Will London’s climate future be decided in Beijing?

A recording of our panel discussion to mark London Climate Action Week
<p>(Image: Huang Lushan)</p>

(Image: Huang Lushan)

As part of the first London Climate Action Week on 3 July China Dialogue hosted an event to discuss the future of the climate and the central role that both London and Beijing need to play. A panel of experts shared their views on the significant shifts in the climate conversation that have taken place over the past few years, the undeniable responsibility of London, as a global financial centre, to find solutions and the impact China’s Belt and Road Initiative (BRI) is having beyond the country’s borders.

The video has been edited for clarity and some parts removed in accordance with the wishes of panellists.

Event speakers:

  • Sam Geall (chair), executive editor,
  • Ma Tianjie, Beijing editor,
  • Tom Burke, chairman, E3G (Third Generation Environmentalism)
  • Farhana Yamin, climate change lawyer & Extinction Rebellion activist
  • Wawa Wang, senior adviser, VedvarendeEnergi (Denmark)

Some interesting excerpts:

Ma Tianjie
8:38: “The narrative about climate change has been shifting quite dramatically in China in the past few years… At the end of 2012, top Chinese climate experts were still telling the world: ‘Don’t expect China to reign in carbon emissions, we still need to grow our economy.’… Things changed quite dramatically in 2012/2013, with a bunch of new factors being introduced into the equation. One of the most important factors was that we had new leadership in China… And things started to become very interesting.”

13:01: “Between 2013 and 2017, we’re actually seeing China’s carbon emissions plateauing for the first time in recent history. But this transition towards a new economic structure, towards a new growth model, towards a new environmental trajectory, is not unchallenged… A lot of those industries that the government wants to move away from, those heavy industries like coal, power plants, coal mines, cement factories, are vested interests within the Chinese state-owned economic system. And they employ a lot of people.”

16:49: “Right now, China is slowly moving towards the next cycle of economic planning… The government has already started talking about the 14th Five Year Plan, which is from 2021 to 2025. So 2019 is a key year, because a lot of the government ministries are moving into this pre-analysis phase, where they are starting to float ideas about what kind of targets to put in the next Five Year Plan. One of the ideas is a carbon emissions cap for China.”

01:10:43: “Yes, China is taking [over] the leadership vacuum left by the United States on climate change globally. But I think one of the issues that undermines China’s credibility as a new climate leader is this build-out of massive coal-power fleets overseas. Why is it doing it? I think, to put it simply, it actually provides a way out for some of the most powerful companies inside China.”

01:15:58: “Air pollution continues to be one of the key environmental policy drivers in China because it’s so visible, and also it affects one of the most vocal constituencies of current China, which is the urban middle class.”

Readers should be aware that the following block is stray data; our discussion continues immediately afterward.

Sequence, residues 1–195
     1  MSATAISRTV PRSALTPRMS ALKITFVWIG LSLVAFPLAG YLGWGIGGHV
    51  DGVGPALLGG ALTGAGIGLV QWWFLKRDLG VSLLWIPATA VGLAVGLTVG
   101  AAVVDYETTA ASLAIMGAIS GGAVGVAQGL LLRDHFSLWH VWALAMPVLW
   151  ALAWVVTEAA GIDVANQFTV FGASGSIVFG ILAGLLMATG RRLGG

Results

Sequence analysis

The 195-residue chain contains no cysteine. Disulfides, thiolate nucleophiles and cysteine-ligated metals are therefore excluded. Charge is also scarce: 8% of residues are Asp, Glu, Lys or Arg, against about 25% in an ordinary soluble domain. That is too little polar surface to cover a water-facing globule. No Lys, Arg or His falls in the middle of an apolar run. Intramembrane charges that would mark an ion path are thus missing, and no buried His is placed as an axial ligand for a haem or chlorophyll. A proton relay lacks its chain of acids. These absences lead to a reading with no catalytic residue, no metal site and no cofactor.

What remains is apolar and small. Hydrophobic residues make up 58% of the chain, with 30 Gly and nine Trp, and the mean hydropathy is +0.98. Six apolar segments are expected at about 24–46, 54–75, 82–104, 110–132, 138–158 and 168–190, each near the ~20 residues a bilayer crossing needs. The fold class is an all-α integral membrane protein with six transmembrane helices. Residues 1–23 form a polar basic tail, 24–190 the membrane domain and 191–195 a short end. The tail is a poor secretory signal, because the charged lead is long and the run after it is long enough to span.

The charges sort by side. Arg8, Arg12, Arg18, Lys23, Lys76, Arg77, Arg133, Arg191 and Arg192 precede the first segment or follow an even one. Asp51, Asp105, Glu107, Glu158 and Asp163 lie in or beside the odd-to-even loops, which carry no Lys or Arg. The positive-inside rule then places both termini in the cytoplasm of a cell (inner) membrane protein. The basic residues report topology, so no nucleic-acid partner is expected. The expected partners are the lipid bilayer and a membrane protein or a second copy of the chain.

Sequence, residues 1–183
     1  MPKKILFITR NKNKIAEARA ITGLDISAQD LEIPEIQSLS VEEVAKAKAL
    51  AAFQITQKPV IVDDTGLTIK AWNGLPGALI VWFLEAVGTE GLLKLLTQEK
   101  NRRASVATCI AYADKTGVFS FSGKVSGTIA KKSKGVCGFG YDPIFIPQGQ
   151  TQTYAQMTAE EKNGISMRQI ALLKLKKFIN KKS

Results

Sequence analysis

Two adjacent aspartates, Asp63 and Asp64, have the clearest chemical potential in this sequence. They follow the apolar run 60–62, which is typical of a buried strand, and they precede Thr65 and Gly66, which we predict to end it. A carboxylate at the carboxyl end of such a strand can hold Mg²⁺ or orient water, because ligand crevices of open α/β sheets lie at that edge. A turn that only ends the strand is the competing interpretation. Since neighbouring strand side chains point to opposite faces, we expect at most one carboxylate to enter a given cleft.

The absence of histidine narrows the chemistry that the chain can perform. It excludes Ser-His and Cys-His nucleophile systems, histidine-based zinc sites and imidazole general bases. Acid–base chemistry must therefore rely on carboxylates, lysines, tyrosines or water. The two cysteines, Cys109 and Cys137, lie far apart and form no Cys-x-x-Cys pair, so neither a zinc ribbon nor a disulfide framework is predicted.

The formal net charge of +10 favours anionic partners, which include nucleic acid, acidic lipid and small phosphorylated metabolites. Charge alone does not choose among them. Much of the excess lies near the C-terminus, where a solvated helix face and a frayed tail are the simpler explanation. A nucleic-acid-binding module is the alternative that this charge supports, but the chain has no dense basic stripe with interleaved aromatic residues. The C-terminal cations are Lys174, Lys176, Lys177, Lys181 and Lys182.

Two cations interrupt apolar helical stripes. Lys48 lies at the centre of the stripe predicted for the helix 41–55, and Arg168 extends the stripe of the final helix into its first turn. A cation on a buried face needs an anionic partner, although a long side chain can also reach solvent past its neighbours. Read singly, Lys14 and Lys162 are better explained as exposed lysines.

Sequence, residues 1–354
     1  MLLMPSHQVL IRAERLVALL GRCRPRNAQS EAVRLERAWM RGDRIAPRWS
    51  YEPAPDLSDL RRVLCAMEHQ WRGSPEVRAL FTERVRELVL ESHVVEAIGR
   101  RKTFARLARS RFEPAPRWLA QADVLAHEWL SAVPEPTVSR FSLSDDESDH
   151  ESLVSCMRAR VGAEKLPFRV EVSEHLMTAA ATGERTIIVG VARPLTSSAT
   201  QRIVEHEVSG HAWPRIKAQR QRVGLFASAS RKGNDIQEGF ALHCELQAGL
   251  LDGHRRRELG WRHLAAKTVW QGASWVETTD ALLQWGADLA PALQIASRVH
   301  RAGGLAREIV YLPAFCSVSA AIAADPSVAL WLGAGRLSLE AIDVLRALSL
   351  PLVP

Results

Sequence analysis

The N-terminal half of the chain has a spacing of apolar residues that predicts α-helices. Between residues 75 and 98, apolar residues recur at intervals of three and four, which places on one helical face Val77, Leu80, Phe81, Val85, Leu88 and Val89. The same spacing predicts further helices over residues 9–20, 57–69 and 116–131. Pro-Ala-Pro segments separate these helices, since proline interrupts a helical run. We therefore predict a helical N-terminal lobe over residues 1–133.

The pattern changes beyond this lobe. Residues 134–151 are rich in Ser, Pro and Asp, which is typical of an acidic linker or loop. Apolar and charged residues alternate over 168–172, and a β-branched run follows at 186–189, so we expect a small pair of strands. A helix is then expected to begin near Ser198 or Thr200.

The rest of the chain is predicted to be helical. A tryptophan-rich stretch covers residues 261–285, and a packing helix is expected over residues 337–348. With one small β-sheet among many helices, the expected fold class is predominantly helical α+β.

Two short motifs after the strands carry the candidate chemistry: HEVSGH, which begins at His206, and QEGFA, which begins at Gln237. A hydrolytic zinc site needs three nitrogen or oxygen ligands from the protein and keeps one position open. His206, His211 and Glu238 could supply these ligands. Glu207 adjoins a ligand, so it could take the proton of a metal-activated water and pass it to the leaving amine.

Tom Burke
19:50: “Last year, one of the big stories that ran through the year was the story about Cape Town, ‘Day Zero’, running out of water. Because it’s a quite well-developed, well-organised country, it managed to avoid Day Zero. This year, Chennai in India has run out of water ­– literally run out of water – because it’s a less well-organised country, less able to adapt to the kind of change that climate change brings with it.”

20:44: “This year was a pretty important change in the global conversation about climate change. There are a number of drivers for that change. Certainly events like the ones I’ve just described have been part of it. In a sense, what events have done is to confirm the much broader feeling of general anxiety in publics everywhere.”

25:36: “If we don’t cooperate, we can’t solve the problem, and so in that sense, the answer to the question is not London or Beijing. It’s going to be determined by each other, London and Beijing… between them, they’re going to determine the future.”

27:03: “The real problems are the political problems. The fact is, as you make the transition to low carbon, you change the pattern of winners and losers.”

Farhana Yamin
29:20: “London and the UK are the solution providers to the world. Frankly, we created the mess starting around 400 years ago when John Locke and many other philosophers of that era said that it was OK to privatise nature.”

32:25: “[Climate change] is the most important, urgent moral issue of our time. It is the issue, frankly, where the maths, the real maths, is the huge, disproportional inequity we are dumping on future generations. It’s not about China, the US, Japan, Germany, what they bear, it’s actually, we have left virtually no carbon budget for children born after 1980.”

35:29: “So the good news is, I think the UK will be a centre for the sea change that we need, because it is going to host the next COP [Conference of the Parties] in 2020, and it has huge cultural power still.”

37:26: “So what do we need to do? … I think we need to, in essence, totally overhaul and contract the financial sector. That is the truth.”

01:00:37: “On China, my own experience is, they’re acutely sensitive to what other countries say about them. And they’re most acutely sensitive now to what smaller nations, developing countries, the countries where they’re trying to earn goodwill and where investments are taking place [are saying].”